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The Age

Growing up on camera

Author: Erik Jensen
Date: 03/04/2008
Words: 799
Source: AGE
          Publication: The Age
Section: Green Guide
Page: 17
These young stars have hopes for big things, says Erik Jensen.

REBECCA BREEDS fixes a stare. Her face is childlike, younger than the teen she plays on Blue Water High, but she talks like someone 10 years older. Her eyes have the intensity of ambition, of a career being mapped behind the retina.

"You do have to be very strategic," she says between scenes of the ABC soap, now in its third season. "And there's a lot of luck. And a lot of it is just talent, working your arse off. And then a lot of it is being very smart and very wise as well.

"The girls in this show are really good. Even though we're all very similar - we're the same age, we go for a lot of the same parts - we're so supportive of each other. None of us get the claws out (and) we don't bitch or fight."

Breeds is 20 but was auditioning for the part of a 15-year-old on Home and Away when Blue Water High wrapped last month. She has put a lot of thought into her look - how her stature and skin make her seem like a schoolgirl - and says appearing younger will add to her longevity.

"Everyone tells me when I'm 40 I'm going to look 30," she says, "so even into the future hopefully that's going to give me a longer shelf-life."

The "look" is the subject of many conversations on the show's Newport set and allows actors to pretend they are not in competition. At the starting point in their careers, it also helps them to envisage who they may be as actors.

"Right now I'm in that age where I'm kind of just creeping up on the guys like Sam Worthington (Love My Way)," says Kain O'Keeffe, who plays Guy. "Hopefully, off the back of this, I'll get a bit of work and see what happens. Lachie (Buchanan, who plays Charley) is the same but Lachie and I look different so it's not like, in that sense, we could be competing."

Blue Water High, which is sold to 20 regions including Poland and Macedonia, follows a year in the Solar Blue Surf Academy. Each season turns around a new cast, with the young actors entering an industry in which they will spend the next decade stepping over each other for parts.

Adam Saunders, who played Heath in series one, went on to Home and Away. Gabrielle Scollay, from series two, followed. James Sorensen has since secured a lead in Neighbours. And Tahyna Tozzi has been linked to Ian Thorpe and Koby Abberton since her role in the first season.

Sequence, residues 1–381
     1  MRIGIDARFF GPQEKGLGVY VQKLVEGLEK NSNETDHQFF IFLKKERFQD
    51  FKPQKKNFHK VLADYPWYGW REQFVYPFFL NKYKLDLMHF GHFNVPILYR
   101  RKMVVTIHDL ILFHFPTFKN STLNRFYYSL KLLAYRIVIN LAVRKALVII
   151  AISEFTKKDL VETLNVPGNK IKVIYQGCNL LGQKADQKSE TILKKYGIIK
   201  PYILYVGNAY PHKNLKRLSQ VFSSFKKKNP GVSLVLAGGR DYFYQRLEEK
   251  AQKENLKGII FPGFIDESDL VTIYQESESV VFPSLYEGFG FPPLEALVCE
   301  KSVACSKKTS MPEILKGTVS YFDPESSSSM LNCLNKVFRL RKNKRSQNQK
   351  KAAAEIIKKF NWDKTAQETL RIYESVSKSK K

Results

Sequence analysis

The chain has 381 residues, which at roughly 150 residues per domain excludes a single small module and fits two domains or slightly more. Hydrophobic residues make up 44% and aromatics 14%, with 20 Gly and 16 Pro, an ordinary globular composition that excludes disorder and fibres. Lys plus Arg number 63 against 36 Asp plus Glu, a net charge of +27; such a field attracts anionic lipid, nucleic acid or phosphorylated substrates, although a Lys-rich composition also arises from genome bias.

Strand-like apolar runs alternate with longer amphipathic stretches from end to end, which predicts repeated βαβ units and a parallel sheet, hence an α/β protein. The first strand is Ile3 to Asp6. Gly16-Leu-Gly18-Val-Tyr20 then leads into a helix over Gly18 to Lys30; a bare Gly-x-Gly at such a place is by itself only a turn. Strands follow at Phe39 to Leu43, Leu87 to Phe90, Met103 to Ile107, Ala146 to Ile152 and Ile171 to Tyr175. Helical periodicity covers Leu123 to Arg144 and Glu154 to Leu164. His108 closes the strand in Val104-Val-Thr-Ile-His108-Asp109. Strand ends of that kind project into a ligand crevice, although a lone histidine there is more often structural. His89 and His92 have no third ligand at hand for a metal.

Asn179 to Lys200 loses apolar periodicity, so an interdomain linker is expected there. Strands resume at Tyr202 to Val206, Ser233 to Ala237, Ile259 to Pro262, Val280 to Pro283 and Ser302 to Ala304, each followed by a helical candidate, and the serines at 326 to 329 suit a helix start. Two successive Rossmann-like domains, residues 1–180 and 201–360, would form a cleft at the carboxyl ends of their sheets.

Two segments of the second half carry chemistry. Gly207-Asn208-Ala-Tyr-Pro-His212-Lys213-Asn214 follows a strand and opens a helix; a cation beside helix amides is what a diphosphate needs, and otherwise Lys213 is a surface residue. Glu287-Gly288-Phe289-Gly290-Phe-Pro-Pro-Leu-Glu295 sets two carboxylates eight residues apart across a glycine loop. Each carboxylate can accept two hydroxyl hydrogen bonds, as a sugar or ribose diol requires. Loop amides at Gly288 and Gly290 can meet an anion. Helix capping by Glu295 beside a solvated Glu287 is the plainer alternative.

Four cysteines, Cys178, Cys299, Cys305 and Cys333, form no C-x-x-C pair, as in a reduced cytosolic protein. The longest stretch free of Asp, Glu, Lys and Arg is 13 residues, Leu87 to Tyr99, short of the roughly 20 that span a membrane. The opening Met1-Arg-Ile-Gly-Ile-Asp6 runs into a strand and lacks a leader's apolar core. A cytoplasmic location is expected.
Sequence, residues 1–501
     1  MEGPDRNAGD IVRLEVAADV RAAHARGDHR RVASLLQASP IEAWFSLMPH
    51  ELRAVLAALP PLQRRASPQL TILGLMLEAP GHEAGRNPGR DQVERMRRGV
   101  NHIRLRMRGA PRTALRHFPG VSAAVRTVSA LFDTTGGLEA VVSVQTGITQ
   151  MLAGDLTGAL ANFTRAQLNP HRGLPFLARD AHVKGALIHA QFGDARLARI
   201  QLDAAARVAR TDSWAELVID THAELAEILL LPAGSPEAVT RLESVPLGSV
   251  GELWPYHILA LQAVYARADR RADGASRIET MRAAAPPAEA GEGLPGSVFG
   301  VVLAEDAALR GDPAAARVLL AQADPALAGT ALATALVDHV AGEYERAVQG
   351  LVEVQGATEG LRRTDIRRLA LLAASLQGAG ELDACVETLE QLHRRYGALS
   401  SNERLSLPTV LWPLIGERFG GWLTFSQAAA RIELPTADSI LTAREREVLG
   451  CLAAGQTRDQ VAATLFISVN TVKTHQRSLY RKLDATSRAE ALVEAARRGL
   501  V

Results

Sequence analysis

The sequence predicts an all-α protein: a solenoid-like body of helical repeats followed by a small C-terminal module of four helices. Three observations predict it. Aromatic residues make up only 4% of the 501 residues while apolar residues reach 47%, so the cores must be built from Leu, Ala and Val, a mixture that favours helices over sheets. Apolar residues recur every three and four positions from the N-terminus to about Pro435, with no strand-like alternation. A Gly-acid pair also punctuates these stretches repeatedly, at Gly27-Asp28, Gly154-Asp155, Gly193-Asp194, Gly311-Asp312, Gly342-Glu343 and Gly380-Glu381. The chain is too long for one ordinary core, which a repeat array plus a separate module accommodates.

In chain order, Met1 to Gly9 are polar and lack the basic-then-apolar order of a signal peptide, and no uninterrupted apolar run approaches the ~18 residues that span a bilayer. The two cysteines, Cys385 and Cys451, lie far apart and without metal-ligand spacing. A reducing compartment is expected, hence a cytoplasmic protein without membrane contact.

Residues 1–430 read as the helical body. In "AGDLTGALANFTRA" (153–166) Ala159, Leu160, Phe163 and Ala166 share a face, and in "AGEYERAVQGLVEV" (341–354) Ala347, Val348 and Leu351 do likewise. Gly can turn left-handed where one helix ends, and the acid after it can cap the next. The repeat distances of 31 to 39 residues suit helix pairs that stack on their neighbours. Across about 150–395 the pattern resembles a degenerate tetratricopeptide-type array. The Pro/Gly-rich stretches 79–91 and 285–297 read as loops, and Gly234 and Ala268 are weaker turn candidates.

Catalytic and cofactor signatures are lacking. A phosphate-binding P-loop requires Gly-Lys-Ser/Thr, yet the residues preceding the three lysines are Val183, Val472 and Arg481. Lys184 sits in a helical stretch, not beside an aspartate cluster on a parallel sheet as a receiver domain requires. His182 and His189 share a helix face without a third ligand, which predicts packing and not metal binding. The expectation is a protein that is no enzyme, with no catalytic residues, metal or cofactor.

"In Australia, in particular, you always worry about what you're going to be doing next," says Buchanan, whose other roles include a wedding guest in the indie film All My Friends Are Leaving Brisbane, and who considers vulcanology as a fallback plan.

"It's just so up and down that it's really hard to rely on it. I guess there is always that worry: even if it's going really well on this show, will there be work around?"

The show's actors are mostly under 25, an age when many of their friends are at university or beginning more stable career paths. Some come from families where parents would rather they pursue a trade, though none are fazed by the instability of the industry. Like Breeds, most have the future laid out in their heads.

"You are your own business. The only thing is I don't have a sign over my head, I just have my face," she says.

"I am my own business. I am my own product. I am my own spokesperson, apart from my agent, obviously. You've always got to be on your game and you've always got to make sure you're networking. You're putting yourself out there."

Though this is the first time many of these actors have filled lead roles, most have been in the industry long enough to realise how small it is.

Many have benefited from the rule that requires shows to take the same actors on a two-year cycle to fill minor roles.

In 2002, O'Keeffe was in All Saints playing Todd Sorenson but was back two years later playing Jamie Stoner. In 2004, he was on Blue Water High as a bully for two episodes and now he is a lead in the series.

"That does show that the industry's quite small. It's quite funny because, I mean, the people who've watched it from the start and are adamant fans, they'll know and see the same characters over and over again," he says.

"It doesn't really faze me or because we've all got our own individual look and we've all got our sort of thing going on."

Series three of Blue Water High begins tonight at 5.30pm on ABC1.

 
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